Did you know that social security is the primary source of retirement income for a majority of Americans? Without social security benefits somewhere between 40 to 52% of Americans would fall below the poverty line. Seriously, people just aren’t saving enough for retirement, even high income earners. As a young(ish) person myself, I often wonder what’s going to happen to social security in the future. I hear people say social security isn’t sustainable the way its going, it’s going to disappear in the future! The work force is shrinking! All these statements are probably somewhat true, but what does this exactly mean for us young people who are still like 25-40 years from retirement and are going to live til like 100+? Is social security just going to disappear? Should we not even rely on it? Since most retirement calculations and projections include your estimated social security benefits in determining how much you should be saving, it’s a good idea to keep up with what’s going on with social security here and there and what it’s going to look like in the future so as to more accurately plan for retirement. By the by, you can estimate your social security benefits here at ssa.gov.
I read this interesting report by JP Morgan Asset Management on the future of social security. I think they are becoming my go to for retirement information. Not only do they have awesome visual aids but their explanations are detailed but concise enough for me. By the way, I have no investments at JP Morgan nor do I have any financial relationship with them in case this sounds like some kind of advertisement for them. =P Here were some important takeaways from the JP Morgan report and from the Social Security website:
- There’s a social security trust fund that’s projected to cover social security needs til 2034. It’s 2016 right now, so that’s less than 20 years from now. Eeek!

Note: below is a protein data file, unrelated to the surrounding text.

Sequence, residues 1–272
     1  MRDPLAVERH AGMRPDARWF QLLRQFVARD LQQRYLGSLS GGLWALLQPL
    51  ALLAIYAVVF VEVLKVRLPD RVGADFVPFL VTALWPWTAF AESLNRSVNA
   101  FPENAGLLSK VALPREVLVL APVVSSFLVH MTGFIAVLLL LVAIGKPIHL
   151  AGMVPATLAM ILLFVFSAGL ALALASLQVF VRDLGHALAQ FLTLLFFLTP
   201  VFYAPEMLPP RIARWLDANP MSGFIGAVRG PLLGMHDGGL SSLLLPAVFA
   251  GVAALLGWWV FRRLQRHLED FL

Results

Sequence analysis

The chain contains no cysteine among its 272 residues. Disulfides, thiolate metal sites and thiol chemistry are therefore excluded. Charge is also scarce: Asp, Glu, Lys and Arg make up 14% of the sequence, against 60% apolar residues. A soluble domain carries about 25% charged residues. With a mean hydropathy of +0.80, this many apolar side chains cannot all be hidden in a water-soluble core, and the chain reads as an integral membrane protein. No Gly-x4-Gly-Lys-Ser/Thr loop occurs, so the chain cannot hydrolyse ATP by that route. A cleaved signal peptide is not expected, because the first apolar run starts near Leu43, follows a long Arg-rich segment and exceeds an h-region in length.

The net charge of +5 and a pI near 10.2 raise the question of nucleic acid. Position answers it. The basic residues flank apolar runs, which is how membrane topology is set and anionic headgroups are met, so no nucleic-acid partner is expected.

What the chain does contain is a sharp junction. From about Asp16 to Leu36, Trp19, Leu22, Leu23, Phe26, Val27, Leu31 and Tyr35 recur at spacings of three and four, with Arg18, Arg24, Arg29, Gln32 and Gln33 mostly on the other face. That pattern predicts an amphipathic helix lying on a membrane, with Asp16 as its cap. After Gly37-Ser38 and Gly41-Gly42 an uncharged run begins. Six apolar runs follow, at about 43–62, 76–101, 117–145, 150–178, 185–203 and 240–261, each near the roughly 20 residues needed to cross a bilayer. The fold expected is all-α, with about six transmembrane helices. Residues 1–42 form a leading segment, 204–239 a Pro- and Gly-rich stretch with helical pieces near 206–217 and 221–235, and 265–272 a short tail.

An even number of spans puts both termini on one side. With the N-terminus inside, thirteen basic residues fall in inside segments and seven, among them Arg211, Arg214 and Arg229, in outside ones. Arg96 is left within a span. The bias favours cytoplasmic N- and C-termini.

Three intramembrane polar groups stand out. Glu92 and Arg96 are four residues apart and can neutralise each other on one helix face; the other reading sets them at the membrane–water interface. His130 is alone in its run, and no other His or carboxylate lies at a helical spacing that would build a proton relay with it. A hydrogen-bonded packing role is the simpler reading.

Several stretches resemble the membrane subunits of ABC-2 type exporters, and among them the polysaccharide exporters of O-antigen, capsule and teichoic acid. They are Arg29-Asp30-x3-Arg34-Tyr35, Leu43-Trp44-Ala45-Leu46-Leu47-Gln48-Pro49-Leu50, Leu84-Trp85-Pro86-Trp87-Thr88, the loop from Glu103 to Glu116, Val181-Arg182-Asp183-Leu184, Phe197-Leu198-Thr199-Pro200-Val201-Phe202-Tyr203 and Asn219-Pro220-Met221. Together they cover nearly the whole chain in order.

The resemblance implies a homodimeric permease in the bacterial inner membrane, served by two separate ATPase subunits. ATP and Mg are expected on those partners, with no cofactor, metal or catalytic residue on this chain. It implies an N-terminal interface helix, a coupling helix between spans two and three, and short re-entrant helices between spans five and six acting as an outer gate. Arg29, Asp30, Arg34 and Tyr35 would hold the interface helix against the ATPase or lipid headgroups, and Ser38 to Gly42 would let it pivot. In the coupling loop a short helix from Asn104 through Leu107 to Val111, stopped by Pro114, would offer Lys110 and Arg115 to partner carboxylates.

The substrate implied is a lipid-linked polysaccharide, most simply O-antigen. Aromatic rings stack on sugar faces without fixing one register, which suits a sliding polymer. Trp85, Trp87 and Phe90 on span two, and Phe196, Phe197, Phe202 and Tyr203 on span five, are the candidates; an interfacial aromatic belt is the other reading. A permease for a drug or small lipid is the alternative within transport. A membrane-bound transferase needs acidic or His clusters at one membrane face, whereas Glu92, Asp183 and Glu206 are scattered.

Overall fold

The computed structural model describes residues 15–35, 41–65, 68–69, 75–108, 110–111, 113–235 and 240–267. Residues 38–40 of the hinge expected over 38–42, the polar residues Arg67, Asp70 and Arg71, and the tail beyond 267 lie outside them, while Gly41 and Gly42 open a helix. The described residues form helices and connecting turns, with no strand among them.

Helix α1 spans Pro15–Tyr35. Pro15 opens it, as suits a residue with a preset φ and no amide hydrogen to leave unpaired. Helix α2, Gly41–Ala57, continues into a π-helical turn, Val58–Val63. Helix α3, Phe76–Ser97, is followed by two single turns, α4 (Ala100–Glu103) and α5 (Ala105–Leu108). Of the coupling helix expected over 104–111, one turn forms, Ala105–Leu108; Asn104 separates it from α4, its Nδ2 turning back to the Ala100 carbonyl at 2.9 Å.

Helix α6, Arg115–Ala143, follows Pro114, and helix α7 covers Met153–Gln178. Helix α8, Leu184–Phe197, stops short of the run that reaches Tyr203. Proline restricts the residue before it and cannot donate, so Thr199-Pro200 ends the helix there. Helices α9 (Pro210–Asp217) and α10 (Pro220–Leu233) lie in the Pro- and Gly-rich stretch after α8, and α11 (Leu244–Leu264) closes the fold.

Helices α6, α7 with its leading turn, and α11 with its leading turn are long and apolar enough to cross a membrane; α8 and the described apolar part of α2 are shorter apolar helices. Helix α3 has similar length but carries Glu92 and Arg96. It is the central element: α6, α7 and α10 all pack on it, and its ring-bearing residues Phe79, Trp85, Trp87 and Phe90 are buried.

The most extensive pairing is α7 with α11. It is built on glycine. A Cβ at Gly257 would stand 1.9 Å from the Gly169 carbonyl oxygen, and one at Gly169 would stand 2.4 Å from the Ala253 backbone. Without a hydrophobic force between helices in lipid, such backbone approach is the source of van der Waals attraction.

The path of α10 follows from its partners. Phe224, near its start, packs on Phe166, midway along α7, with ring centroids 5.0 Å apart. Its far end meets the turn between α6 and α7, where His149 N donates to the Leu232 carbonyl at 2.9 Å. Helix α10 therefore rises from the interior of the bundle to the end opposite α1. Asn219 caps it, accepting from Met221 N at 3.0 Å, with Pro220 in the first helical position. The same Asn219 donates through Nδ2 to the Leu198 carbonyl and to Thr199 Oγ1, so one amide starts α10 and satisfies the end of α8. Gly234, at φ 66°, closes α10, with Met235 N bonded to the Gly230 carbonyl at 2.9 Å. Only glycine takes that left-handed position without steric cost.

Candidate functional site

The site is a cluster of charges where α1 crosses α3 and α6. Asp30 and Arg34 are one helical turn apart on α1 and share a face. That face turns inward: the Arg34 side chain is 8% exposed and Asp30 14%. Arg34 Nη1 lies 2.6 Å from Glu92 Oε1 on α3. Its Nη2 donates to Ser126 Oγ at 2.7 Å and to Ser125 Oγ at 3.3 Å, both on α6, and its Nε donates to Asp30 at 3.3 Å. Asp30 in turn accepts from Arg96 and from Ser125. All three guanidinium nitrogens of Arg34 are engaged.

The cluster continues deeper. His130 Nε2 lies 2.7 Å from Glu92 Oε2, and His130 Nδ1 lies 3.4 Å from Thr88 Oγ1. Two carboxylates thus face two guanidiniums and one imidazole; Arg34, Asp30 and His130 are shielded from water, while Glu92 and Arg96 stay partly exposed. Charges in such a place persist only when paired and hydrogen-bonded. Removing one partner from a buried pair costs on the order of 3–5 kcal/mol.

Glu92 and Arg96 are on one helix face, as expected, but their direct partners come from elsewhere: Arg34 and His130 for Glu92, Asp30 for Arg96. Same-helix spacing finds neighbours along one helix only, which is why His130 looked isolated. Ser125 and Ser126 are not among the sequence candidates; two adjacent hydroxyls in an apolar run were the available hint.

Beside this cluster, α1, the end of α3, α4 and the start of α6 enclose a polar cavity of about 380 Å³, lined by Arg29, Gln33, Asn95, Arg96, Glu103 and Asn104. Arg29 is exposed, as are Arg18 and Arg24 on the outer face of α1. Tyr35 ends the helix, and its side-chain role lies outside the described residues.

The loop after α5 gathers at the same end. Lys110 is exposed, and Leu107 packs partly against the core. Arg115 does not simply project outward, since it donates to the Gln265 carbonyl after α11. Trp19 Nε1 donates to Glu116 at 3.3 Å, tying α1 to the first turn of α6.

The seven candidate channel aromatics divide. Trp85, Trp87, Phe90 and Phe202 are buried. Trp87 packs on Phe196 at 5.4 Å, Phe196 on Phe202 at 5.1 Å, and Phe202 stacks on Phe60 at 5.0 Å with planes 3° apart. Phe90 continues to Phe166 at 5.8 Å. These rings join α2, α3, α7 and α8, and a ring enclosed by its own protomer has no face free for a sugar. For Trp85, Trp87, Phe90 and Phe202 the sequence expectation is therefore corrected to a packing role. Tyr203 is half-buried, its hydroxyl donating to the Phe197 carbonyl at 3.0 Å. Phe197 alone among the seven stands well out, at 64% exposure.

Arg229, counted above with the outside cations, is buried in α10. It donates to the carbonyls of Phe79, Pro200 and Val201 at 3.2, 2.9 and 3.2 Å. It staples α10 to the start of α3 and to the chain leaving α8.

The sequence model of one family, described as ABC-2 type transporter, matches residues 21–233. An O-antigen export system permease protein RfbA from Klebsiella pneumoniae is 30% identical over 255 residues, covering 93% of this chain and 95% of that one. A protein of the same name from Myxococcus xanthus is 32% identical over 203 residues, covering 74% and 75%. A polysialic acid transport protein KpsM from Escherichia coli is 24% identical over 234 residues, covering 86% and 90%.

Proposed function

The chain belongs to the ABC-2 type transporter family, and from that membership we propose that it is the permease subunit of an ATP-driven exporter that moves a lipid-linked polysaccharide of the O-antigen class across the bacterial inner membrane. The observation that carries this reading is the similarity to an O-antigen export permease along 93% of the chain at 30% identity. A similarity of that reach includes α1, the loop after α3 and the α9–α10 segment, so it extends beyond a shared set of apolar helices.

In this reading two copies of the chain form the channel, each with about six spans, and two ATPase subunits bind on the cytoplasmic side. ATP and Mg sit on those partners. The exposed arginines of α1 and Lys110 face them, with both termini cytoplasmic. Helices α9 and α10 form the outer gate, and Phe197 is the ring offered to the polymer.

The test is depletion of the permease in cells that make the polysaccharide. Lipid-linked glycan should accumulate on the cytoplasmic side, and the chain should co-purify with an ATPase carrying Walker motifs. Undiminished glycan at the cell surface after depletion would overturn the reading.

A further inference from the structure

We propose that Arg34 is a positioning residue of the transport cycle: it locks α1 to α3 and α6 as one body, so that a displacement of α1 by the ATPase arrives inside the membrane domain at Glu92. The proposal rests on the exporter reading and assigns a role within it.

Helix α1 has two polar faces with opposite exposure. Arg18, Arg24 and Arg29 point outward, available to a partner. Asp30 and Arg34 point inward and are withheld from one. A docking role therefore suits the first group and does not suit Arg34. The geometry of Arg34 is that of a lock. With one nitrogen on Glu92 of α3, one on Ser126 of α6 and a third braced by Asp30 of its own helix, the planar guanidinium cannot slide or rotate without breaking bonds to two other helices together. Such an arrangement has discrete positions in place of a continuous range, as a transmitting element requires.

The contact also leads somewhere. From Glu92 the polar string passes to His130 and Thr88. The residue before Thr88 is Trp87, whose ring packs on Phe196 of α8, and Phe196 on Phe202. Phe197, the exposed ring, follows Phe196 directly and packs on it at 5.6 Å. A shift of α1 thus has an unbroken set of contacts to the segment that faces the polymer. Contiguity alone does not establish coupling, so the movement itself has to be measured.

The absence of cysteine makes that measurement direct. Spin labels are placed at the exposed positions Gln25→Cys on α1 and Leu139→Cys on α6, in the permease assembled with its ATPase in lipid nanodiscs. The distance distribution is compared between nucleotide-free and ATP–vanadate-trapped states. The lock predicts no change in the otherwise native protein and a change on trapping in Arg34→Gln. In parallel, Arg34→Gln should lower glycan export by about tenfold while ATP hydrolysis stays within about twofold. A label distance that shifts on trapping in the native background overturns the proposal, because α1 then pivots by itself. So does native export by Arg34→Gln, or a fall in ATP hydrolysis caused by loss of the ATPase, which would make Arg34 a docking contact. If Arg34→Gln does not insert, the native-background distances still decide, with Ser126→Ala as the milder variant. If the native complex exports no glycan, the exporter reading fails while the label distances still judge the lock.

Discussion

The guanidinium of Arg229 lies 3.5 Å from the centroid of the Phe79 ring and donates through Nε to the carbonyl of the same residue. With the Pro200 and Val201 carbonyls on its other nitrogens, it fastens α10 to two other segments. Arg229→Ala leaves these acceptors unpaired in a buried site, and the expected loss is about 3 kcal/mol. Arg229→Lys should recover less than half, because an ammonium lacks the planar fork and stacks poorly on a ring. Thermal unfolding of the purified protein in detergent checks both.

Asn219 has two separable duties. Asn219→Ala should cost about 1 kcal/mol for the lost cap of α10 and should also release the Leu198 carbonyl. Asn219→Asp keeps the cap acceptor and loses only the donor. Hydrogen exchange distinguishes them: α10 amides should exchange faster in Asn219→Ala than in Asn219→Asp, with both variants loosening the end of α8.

- Even if this trust fund is depleted, payroll taxes will continue to cover 79% of SS benefits through 2089. According to SSA.gov, its actually 75%, but still good to know that social security isn’t likely to completely become bankrupt even through my lifetime.
- Therefore, if you are currently 50 years old and older, you will most likely be able to rely on the social security system as it is right now. Good news for my parents.
- If you’re younger than that and make a lot of money, well then you’re out of luck. Just kidding. Sort of. All young(ish) workers can expect a cutback in the amount of benefits we receive, possibly even a further reduction if you are a high income earner. Other changes to expect might be an increase in the age you can receive full benefits. Currently a person can start to receive some social security benefits as early as age 62, with full benefits at age 66 (or 67 if you were born after 1960), and a larger benefit amount if you delay til age 70.
- Increase in costs has to do with lower birth rates and not because we are living longer. This came from the Social Security website and I have to say I was surprised since I really thought it was both. Life expectancy has been steadily increasing in conjunction with people having less babies and I imagine that this trend will only continue.
I guess the bottom line is that some form of social security is likely to remain in the future even for us young(ish) workers. It’s not going to pay out nearly as much as it pays out now, but some portion of it should be considered when you calculate your retirement needs. How much? Well assuming payroll taxes will really cover approximately 75% through 2089 and you expect you’ll be gone by then, then maybe 75% of your estimated SS benefits? I’d say if you feel very concerned about the stability of social security, are younger than 30 and are a high-income earner you could be more conservative in your estimates and/or even take out social security completely when calculating how much you need to accrue by retirement. That way if you do get it then it’ll just be a nice bonus. Me personally, I think for now at least I’ll calculate that I’ll receive roughly 50% of my social security benefits but probably not starting at 67 years of age (the current age to receive full benefits if born after 1960). What do you think? Yes, no, maybe so on social security in the future? Anyone want to take a stab on what percentage of it we should use in our retirement calculations? Thanks!